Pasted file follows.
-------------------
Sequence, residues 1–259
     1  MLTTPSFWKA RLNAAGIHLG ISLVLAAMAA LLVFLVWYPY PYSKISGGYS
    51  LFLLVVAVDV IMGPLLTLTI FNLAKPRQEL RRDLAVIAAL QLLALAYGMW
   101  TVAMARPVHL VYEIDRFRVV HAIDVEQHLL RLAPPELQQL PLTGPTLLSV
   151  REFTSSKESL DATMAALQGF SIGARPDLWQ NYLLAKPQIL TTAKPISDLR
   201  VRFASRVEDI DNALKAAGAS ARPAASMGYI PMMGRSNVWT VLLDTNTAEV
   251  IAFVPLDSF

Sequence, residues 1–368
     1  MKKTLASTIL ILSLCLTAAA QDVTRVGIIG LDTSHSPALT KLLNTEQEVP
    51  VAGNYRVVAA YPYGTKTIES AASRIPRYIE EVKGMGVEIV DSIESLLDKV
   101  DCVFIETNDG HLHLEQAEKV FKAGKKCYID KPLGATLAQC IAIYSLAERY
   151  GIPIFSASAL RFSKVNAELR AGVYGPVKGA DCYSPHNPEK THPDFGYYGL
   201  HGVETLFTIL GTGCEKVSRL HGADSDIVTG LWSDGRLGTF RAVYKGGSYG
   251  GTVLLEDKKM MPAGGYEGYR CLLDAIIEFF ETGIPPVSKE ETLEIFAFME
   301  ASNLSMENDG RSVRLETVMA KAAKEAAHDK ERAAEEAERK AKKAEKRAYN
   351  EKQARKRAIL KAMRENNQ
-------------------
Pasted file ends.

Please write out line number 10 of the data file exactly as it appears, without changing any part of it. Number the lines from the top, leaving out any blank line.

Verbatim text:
    51  VAGNYRVVAA YPYGTKTIES AASRIPRYIE EVKGMGVEIV DSIESLLDKV